Moreover, I don’t think you’ll find any two people within a religion who believe exactly the same things. Faith is a deeply personal thing, and people interpret religion differently. Catholics like me, who don’t agree with everything about the church, are often pejoratively called “Cafeteria Catholics,” but I don’t think there’s anything wrong with that. People like Bill Maher accuse religious people of believing blindly, and while that’s certainly true of some people, I think they’re outnumbered by people who have given their faith serious thought and have accepted or rejected certain beliefs based on that.

The First Amendment guarantees us freedom of speech and freedom of religion, but I often wish people felt more free to speak openly about what they believe or don’t believe without insulting anyone else. I like learning about other religions, and I wish it were easier to talk to people about what they believe and why. I know this post basically boils down to “Why can’t we all just get along?” but to me, it really is frustrating that people who abuse religion have made it so hard for the rest of us to talk about it honestly. I mean, I know someone who visibly recoils if you even say the word “church,” and whom I could see tensing up when I mentioned the name of a Catholic college in casual conversation. And I know someone else who, when someone asked him out of curiosity about his religious beliefs or lack thereof, looked at the person asking the question as if he was pissed that the question had even crossed her mind. So…why can’t we all just get along?

To end this post on a lighter note, I give you this song by Christine Kane, a singer-songwriter and fellow BC grad. It’s called “Mary Catherine’s Ash Wednesday Journal Entry,” and it’s pretty funny. And check out some of Christine Kane’s other songs while you’re at it.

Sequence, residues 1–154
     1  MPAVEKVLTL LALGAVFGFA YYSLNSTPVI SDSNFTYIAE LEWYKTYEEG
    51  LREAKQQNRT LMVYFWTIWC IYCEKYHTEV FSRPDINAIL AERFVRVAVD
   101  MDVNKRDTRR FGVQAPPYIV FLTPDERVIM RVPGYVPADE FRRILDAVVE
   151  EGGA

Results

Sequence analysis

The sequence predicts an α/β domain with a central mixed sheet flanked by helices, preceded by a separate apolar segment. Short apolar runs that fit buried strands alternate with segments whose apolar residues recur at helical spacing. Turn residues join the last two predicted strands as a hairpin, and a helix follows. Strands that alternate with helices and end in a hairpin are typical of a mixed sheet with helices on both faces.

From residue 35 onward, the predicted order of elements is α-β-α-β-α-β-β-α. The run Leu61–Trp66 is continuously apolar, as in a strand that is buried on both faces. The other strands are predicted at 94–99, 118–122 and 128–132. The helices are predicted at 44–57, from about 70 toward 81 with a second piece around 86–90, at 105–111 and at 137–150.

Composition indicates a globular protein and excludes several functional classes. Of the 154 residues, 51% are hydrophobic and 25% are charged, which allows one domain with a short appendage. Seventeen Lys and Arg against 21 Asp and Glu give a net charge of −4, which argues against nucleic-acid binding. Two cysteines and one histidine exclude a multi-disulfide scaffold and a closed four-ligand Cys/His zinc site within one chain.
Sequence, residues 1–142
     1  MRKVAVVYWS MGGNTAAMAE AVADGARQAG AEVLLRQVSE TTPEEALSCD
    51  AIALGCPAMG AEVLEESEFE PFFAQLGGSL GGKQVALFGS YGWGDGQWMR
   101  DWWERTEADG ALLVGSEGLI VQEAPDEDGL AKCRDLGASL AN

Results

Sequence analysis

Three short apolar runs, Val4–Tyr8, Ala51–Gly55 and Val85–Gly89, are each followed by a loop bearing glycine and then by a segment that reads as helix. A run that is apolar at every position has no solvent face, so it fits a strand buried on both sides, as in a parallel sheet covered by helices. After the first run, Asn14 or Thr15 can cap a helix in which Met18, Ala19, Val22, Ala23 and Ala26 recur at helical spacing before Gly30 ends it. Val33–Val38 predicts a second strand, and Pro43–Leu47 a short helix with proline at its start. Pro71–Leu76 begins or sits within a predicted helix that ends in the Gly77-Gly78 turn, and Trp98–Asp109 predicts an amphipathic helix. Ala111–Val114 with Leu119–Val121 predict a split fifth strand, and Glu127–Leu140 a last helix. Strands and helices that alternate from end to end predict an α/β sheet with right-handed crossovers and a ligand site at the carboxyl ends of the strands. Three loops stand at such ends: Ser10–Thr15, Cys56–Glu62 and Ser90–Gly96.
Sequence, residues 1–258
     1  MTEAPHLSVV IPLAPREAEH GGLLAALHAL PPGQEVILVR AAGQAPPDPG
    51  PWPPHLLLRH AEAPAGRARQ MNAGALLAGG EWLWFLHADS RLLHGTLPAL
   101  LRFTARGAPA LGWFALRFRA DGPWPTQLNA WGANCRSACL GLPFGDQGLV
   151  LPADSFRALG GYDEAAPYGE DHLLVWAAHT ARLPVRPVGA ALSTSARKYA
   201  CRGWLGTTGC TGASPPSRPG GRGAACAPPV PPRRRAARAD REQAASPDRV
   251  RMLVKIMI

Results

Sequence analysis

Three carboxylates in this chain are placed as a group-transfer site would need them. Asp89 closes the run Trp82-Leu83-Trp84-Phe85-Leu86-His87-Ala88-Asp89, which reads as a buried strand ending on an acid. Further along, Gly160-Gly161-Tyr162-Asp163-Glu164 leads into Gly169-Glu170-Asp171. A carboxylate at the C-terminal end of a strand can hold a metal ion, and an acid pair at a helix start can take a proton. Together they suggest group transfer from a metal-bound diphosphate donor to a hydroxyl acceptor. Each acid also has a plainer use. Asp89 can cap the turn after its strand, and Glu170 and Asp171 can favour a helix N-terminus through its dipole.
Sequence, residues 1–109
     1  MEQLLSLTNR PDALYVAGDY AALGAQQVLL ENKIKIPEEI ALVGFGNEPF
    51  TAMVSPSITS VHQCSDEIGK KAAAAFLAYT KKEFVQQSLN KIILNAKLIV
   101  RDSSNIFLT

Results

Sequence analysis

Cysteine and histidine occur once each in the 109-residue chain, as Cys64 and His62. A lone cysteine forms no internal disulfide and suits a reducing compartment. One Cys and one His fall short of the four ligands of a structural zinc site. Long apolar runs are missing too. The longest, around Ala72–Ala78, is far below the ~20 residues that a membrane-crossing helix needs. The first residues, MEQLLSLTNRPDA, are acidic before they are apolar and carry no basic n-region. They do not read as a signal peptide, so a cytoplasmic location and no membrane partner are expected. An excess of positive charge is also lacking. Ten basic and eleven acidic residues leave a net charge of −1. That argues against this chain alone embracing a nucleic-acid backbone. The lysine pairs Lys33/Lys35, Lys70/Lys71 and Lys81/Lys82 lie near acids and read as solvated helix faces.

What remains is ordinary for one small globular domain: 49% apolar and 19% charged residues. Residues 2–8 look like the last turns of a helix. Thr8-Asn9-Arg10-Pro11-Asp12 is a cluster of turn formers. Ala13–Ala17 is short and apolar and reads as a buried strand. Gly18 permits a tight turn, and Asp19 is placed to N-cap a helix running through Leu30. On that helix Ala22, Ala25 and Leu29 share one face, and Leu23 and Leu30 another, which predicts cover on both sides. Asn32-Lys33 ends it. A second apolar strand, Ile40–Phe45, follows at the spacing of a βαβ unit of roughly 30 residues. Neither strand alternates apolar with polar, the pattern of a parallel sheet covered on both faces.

4 thoughts on “Katie’s Ash Wednesday Blog Post

  1. Christina

    a guy asked me out with the qualification that he was looking for a wife. he was muslim and, as you know, i'm orthodox christian. when i pointed out that that difference in religion would probably pose an issue in as marriage and that i can't marry someone who is not christian according to my religious beliefs he got pissed and said “i can't believe that you would let your parents' beliefs influence you like that!” to which my response was, “i said, 'my religious beliefs' not theirs.” he was pissed off and i pointed out that he was the one who said that he wanted to date someone only if they could be his wife (i know his parents would never be okay with a non-muslim girl from what he has said) and that as i can't, i thought i would let him know and that we could be friends or could go out on dates that would not lead to marriage. he hasn't spoken to me since.

    apparently, even religious people can't respect other religious people's beliefs sometimes. it made me sad. he was basically angry because i wouldn't even consider changing my beliefs for him, a guy i had only met a few hours before. *sigh* we live in a strange world kid.

  2. Jessica Coblentz

    Hi Katie,

    I am a fellow member of the Paulist Center, and I just wanted to say thanks for sharing your thoughts about being a 20-something Catholic. I always appreciate hearing others share their views of and experiences in Catholicism.


  3. AnaYelsi

    fabulous post!

    You put the link on my “political/religious blogs” discussion on 20SB and i'm so glad I clicked it.

    balance between being bold in your faith and living a life of grace and understanding towards others is such a crucial thing… and a beautiful one to witness.

    Thanks for writing this!